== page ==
By Doyice Cotten
Ambiguity is one of the most prevalent claims when challenging the enforceability of liability waivers. This post involves a case in which a waiver is claimed to be ambiguous. We focus on the arguments by the plaintiff and the reasoning of the court in addressing the issue.
Jodi Sheldon suffered serious injury while participating in a high ropes course at the Golden Bell Ranch in Colorado. She sued claiming negligence naming Golden Bell, CBA (Cross Bearing Advenures, the company which constructed and inspected the course and trained Golden Bell employees), and Kent McIlhany, (the owner of CBA) as defendants (Sheldon v. Golden Bell Retreat, 2020). All defendants argued that her claims were barred by a Waiver, Release and Indemnification Agreement signed by the plaintiff. The waiver follows:
I wish to participate in recreational activities to be made available to participants at Golden Bell Camp including activities that may be hazardous or otherwise involve a risk of physical injury or death to the participants (the“Activities”).
I expressly assume any and all risks of injury or death arising from or relating to the Activities including horseback riding, agricultural recreation and waive and release any and all actions, claims, suits or demands of any kind or nature whatsoever against Golden Bell Camp, its corporate affiliates, contractors, vendors, officer, agents, sponsors, volunteers or representatives of any kind (collectively “Releases”) arising from or relating in any way to my voluntary participation in these activities. I understand that this Waiver, Release and Indemnification agreement means, among other things, that if I am injured or die as a result of my participation in these activities, I and/or my family or heirs cannot under any circumstances sue Releases or any of them for damages relating to or caused by my injuries or death.
…I agree to indemnify Releases or any of them and their subrogees, if any, in the event of any loss, damage or claim arising from or relating in any way to my participation in any of the Activities.
….I have read this Waiver, Release and Indemnification Agreement, have asked and received answers to any questions I had concerning its meaning and execute it freely, without duress, and in full complete understanding of its legal effect, and of the fact that it may affect my legal rights.
Ms. Sheldon received the waiver after indicating an interest in the high ropes course.
Colorado law provides that four factors are to be used in determining the enforceability of a waiver of liability: 1) the existence of a duty to the public; 2) the nature of the service performed; 3) whether the contract was fairly entered into; and 4) whether the intention of the parties is expressed in clear and unambiguous language.” The first three factors were not at issue; the effect of the waiver rested solely on whether the waiver language was clear and unambiguous.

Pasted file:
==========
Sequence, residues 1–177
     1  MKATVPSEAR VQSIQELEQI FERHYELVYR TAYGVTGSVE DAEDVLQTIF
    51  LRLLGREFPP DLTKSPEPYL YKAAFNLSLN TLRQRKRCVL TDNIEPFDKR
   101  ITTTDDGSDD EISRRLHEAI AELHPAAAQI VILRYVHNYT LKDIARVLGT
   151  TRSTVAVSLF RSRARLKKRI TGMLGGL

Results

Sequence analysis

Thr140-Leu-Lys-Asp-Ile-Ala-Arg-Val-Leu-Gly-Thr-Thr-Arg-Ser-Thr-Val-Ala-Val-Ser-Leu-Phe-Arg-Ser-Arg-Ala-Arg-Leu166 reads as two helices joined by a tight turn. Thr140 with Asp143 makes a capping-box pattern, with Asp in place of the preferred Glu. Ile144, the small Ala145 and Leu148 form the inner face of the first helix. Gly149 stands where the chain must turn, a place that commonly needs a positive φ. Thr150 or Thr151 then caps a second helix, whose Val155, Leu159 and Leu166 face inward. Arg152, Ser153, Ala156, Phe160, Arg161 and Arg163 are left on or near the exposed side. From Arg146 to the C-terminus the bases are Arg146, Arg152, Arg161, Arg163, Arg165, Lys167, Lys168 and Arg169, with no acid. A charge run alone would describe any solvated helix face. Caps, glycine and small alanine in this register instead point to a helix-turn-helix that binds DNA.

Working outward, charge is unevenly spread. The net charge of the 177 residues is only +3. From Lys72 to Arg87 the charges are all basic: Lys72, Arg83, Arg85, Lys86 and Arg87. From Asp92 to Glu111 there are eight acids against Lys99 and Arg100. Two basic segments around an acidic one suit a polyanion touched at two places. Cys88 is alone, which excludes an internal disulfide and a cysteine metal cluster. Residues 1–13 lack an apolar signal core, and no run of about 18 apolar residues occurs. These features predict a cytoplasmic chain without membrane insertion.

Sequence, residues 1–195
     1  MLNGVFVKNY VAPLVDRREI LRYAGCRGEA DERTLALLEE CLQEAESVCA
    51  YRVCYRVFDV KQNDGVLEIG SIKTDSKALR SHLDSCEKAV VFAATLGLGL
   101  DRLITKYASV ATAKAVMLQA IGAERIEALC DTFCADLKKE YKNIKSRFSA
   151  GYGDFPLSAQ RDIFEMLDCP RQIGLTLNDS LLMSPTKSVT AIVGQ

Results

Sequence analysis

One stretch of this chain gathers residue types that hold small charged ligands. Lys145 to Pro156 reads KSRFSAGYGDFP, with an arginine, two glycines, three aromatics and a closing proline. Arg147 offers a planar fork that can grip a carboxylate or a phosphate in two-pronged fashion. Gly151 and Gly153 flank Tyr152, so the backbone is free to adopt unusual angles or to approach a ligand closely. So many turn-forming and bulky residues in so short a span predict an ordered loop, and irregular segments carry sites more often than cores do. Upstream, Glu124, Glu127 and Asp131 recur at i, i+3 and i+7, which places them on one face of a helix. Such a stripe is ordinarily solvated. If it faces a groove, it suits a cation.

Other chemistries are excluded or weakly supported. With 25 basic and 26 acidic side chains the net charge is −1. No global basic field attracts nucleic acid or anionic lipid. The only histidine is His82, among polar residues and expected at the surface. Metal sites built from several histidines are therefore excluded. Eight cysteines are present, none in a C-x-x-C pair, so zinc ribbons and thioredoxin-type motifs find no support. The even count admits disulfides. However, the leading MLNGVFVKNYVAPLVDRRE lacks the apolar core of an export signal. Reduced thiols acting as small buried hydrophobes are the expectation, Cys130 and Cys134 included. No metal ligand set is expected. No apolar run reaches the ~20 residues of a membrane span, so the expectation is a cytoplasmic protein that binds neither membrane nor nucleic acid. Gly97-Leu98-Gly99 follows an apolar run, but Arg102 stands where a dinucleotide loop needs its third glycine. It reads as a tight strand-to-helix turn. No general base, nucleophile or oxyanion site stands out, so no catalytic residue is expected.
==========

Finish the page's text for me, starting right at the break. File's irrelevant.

Was the Ropes Course covered By the Waiver?
Ms. Sheldon insisted the Waiver was ambiguous as to whether the high ropes course was within the scope of the activities covered. The court noted 1) the Waiver defined the term “Activities” as “recreational activities … including activities that may be hazardous or otherwise involve a risk of physical injury or death to participants.” It stated the the use of the term “including” plainly indicates that some – but not all – of the Activities covered by the Waiver will be hazardous or involve a risk of physical injury. Hence, even if plainiff’s argument that the high ropes course is not a hazardous activity is accepted, her argument failed. The court also stated that 2) the failure of the waiver to mention high ropes course does not make the waiver ambiguous because Colorado law does not require a waiver to describe in detail each specific risk one might encounter.
The court made it clear that when read in context, the waiver clearly and unambiguously applied to the high ropes course. It added that “Moreover, nothing in the record suggests Ms. Sheldon would have been asked to sign a Waiver had she not requested to participate in the high ropes course. Given those circumstances, it ‘strains logic,’ to suggest Ms. Sheldon was confused or misled as to the fact that she was being asked to waive potential claims of negligence associated with the high ropes course.”
Was the CBA Covered by the Waiver?
The court then stated that the waiver also clearly bars Ms. Sheldon’s claims against CBA. The waiver specifically lists as protected parties “Golden Bell Camp, …, contractors, vendors, … .” protecting Golden Bell’s “contractors” and “vendors.” It further added that protection included that from claims “arising from or relating in any way to [Ms. Sheldon’s] voluntary participation in these activities.” The court felt the waiver obviously intended to protect parties like CBA from this exact situation.
Ms. Sheldon argued that contractors and vendors are covered only when on site; the court countered that the argument was meritless because the waiver intended to have the broadest possible scope because it said “arising from or relating in any way” to Ms. Sheldon’s participation in the covered activities. Thus, the court concluded that the waiver clearly and unambiguously bars Ms. Sheldon’s claims against CBA as well.
The court ruled in favor of the defendants holding that the waiver was clear, unambiguous, and enforceable.
Photo Credit: Thanks to Mike Cardus via Flickr.